• The worst city to work from home was Toledo, Ohio, which had a low and stagnant number of people working from home, indicating few remote work opportunities. Those who do work from home in Toledo generally earned less in comparison to average earnings.
  • The second worst city to work from home was El Paso, Texas, followed by Greensboro, N.C.
  • On average, across the 100 cities analyzed, working from home tended to pay better than not working from home.
  • Overall, the number of people working from home is fairly flat, suggesting that the so-called “telecommuting revolution” had yet to come to fruition before COVID-19.
  • Long commutes did not necessarily translate to more people working from home. While New York and New Jersey had the longest average commutes, they did not see much of an increase in the number of people working from home.

Best cities for working from home

Topping our study’s ranking of the best cities to work from home is Gilbert, Ariz. Gilbert, a suburb located southeast of Phoenix, measures just over 72 square miles and has a population of more than 230,000.

Our study found that the average person working from home in Gilbert makes $1.32 for every dollar the average person makes, earning it a tie for the 20th spot regarding that metric. Gilbert also ranked high for two metrics measuring the city’s overall work-from-home climate. It ranked fourth for its share of remote workers, with 4.90% of residents working from home, and sixth for the percent change in the number of people working from home from 2017 to 2018, a 1.20% year-over-year increase. Additionally, the average commute time of a typical worker in Gilbert is 28 minutes, earning Gilbert the 27th spot for that metric as telecommuters are saving nearly half an hour each way.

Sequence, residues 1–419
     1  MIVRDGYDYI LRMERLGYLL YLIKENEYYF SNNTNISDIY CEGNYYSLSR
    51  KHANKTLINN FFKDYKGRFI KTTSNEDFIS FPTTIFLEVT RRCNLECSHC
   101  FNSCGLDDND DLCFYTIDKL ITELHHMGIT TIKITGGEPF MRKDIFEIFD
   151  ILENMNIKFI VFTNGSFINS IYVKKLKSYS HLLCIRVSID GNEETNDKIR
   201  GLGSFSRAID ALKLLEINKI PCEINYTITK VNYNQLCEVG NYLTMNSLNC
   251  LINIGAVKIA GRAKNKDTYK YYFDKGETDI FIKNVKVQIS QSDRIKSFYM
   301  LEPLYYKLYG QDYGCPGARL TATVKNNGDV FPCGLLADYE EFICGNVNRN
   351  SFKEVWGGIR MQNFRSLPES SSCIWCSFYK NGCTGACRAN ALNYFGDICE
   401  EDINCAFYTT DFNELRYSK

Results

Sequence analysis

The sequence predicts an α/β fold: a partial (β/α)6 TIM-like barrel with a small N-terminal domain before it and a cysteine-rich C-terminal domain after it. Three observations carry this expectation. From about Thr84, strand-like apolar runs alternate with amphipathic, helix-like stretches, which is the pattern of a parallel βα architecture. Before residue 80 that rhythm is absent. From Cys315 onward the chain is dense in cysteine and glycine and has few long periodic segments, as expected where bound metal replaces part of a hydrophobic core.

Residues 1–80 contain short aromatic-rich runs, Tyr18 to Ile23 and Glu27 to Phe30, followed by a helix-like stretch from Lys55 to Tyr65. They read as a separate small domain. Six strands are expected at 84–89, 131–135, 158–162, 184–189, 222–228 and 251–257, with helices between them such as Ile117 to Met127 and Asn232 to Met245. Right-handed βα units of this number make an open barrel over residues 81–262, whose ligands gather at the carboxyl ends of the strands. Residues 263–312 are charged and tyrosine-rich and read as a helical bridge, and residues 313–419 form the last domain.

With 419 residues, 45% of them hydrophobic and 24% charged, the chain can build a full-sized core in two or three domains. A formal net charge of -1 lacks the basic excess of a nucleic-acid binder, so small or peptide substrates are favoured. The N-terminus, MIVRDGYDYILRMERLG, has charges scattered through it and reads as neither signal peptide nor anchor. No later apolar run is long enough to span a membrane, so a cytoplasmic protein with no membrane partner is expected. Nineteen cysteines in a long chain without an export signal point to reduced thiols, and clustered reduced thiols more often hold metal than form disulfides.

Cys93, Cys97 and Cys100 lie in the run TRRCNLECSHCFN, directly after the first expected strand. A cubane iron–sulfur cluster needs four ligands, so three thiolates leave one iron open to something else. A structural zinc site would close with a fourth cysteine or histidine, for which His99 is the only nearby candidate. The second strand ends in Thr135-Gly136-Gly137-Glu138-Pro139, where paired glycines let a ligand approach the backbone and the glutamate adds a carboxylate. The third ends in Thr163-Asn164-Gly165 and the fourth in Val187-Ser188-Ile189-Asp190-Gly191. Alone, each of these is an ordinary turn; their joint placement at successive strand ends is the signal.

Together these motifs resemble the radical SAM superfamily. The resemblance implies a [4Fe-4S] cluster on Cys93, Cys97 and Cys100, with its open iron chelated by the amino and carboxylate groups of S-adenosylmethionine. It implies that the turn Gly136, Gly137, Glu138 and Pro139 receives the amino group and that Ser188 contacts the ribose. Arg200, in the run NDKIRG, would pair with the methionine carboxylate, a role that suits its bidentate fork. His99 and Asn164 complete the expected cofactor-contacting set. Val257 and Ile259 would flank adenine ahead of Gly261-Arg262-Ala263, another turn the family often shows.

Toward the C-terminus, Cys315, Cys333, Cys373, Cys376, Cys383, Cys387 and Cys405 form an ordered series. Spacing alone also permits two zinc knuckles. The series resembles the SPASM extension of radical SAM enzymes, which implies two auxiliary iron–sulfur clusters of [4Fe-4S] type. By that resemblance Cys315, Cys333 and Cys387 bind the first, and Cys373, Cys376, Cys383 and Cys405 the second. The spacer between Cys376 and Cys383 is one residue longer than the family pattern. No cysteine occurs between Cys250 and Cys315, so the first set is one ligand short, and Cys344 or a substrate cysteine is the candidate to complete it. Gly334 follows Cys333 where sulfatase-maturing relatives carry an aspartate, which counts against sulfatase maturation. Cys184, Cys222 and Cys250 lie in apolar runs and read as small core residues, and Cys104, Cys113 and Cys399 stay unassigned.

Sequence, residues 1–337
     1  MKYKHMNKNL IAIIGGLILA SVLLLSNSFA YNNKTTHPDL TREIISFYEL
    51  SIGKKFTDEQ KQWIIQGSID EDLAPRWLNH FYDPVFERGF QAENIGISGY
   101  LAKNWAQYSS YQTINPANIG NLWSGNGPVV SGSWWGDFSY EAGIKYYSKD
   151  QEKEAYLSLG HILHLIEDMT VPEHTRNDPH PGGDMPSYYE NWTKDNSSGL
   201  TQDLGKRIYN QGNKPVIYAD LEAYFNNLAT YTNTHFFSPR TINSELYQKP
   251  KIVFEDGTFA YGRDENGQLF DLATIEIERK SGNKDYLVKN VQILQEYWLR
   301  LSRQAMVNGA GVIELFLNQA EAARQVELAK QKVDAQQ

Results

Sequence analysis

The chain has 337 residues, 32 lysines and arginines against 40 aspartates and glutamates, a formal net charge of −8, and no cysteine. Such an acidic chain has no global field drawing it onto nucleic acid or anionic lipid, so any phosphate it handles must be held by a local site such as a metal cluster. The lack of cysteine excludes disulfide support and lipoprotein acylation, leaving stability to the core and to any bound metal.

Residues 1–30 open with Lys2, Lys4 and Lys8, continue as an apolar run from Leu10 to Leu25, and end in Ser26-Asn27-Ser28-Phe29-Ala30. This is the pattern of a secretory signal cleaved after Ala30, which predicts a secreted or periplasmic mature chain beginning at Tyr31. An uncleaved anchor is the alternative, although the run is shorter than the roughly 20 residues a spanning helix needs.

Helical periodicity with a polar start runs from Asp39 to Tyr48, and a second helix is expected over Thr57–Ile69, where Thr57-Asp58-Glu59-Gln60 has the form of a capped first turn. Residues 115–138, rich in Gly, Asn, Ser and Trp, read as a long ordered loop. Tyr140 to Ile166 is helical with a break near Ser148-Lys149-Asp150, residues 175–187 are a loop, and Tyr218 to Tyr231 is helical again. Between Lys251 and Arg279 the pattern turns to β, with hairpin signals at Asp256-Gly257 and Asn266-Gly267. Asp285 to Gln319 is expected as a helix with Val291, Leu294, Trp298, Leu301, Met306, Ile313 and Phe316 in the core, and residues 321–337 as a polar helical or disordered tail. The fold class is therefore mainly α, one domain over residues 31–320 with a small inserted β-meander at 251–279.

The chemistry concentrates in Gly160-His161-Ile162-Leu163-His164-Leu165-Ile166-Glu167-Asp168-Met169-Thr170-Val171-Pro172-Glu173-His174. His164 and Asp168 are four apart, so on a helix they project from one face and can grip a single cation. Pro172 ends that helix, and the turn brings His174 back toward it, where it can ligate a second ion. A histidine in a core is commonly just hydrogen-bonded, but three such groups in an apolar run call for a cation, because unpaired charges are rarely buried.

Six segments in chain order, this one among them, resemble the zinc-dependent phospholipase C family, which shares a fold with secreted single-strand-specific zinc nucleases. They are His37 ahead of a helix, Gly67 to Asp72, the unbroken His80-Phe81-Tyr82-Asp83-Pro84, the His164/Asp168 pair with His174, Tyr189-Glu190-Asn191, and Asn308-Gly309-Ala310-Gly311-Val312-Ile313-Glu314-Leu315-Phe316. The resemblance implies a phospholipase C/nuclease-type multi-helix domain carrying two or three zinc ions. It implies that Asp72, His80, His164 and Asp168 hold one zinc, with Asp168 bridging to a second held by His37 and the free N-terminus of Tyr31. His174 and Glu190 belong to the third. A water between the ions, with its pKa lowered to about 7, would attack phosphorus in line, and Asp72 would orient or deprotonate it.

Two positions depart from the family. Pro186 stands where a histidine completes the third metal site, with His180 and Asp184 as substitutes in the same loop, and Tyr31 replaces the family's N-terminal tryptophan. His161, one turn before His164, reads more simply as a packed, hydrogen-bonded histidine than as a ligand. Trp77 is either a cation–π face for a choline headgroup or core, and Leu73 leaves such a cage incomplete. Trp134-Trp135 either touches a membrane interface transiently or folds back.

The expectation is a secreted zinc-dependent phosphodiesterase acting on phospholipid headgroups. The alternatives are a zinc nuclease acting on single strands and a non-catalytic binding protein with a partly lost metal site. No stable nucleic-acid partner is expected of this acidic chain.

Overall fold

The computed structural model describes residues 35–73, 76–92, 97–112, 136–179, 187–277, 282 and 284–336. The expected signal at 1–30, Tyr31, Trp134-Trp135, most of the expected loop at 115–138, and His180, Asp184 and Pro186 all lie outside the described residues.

All of these metrics contributed to Gilbert’s overall top ranking, making it a great option for telecommuters looking for a balanced lifestyle of good pay, a remote work-friendly culture and a decent chunk of time saved from commuting.

Atlanta snags the spot for the second best city to work from home, thanks to the high earning power of remote workers and a culture friendly to telecommuting. Atlanta has a high work-from-home rate, with 4.50% of people working from home, earning it a sixth-place ranking for that metric. Remote workers in Atlanta make $1.13 for every dollar the average worker pulls in, and housing costs accounted for just 27% of a remote worker’s earnings, landing it the 22nd spot for that metric.

Rounding out the top three for our study on the best cities to work from home is Aurora, Colo. Aurora’s rankings were boosted by the fact that remote workers in Aurora make $1.41 for every dollar that the average person makes — earning the city the 11th spot for that metric. The city also boasts 3.50% of people working from home, which landed it in 19th spot for that metric. Additionally, workers in Aurora had an average commute time of 30 minutes, which means, conversely, remote workers get to skip out on a half hour long-commute, earning the city the 18th spot for the commute time metric.